TEMPLE: And here you are today. What do you think is your greatest achievement?

MCKENZIE: Greatest achievement in my personal life of course will be my daughter, where she is. In my professional life will be having been given the opportunity, to serve in so many places, not just in Angelina College, but having had the opportunity to work at the state level and having the opportunity now to serve with the regional accrediting body. The opportunities that have opened up and the fact that He's allowed me to fulfill those. And I take no credit for it. I know that wherever I've been, it was a chance for me to demonstrate that you can do things and I hope that some young child, some young person, some person, has felt the influence of my being here. Often, my friends tell me, I am, I'm in this office because they're sending their children and they want to be sure that there is somebody who's going to be objective and look at them and make them aware that they are human being, with the dignity and worth that they should recognize. And so I keep hoping that what I say and do will accomplish the good that I should be doing because He put me here for a reason. Not for me, but to serve others. And whether it is at AC, or out in the community, I hope that's what I'm doing.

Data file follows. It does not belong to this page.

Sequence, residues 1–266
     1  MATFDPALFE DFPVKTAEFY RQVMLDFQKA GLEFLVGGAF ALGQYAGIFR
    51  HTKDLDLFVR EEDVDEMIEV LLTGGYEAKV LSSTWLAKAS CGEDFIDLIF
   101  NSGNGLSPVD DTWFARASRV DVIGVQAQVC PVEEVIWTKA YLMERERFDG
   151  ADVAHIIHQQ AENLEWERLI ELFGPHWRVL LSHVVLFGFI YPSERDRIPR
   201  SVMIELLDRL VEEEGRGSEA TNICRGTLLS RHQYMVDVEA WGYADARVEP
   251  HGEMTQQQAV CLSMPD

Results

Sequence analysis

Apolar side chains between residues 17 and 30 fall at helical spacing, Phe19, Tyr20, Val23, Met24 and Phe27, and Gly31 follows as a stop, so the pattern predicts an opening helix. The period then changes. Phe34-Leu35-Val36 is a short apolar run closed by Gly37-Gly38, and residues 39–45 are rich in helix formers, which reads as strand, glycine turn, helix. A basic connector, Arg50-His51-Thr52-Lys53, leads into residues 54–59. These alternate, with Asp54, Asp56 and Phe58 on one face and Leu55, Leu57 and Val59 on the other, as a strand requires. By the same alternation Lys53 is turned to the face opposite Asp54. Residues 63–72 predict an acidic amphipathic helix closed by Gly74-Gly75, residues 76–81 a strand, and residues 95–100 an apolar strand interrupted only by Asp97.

TEMPLE: Yes, because I see that you are very active in the community and I wonder, looking at it, how in the world you are able to do it all. Which I know you answered that He, you know, gives you that, but wow! [Laughter.]

MCKENZIE: Well you just keep going and doing and some people say, "Can you say no?" I said, "Well only if something is already on that date, on that time, on the schedule" [laughter] and I'd say, "No, I'm sorry, I can't do that." Otherwise I think I am supposed to serve as much as I can. There will come a time when I will not be able to serve and I want to be able to look back and say, "I have no regrets. I did everything that He opened the door to do and He helped me do it and so I am content to be where I am now, without regrets." And the great part is that my parents were alive long enough to see some of the things that I did and to be happy that what they said did take hold.

TEMPLE: Is your mom still living?

MCKENZIE: No.

TEMPLE: No.

MCKENZIE: They're both dead.

TEMPLE: Okay.

MCKENZIE: In fact, every body's gone. Cause my sister and her family also died.

TEMPLE: I saw that, that's, I'm sorry-

MCKENZIE: And so we just keep going-

TEMPLE: So it's just you and your daughter-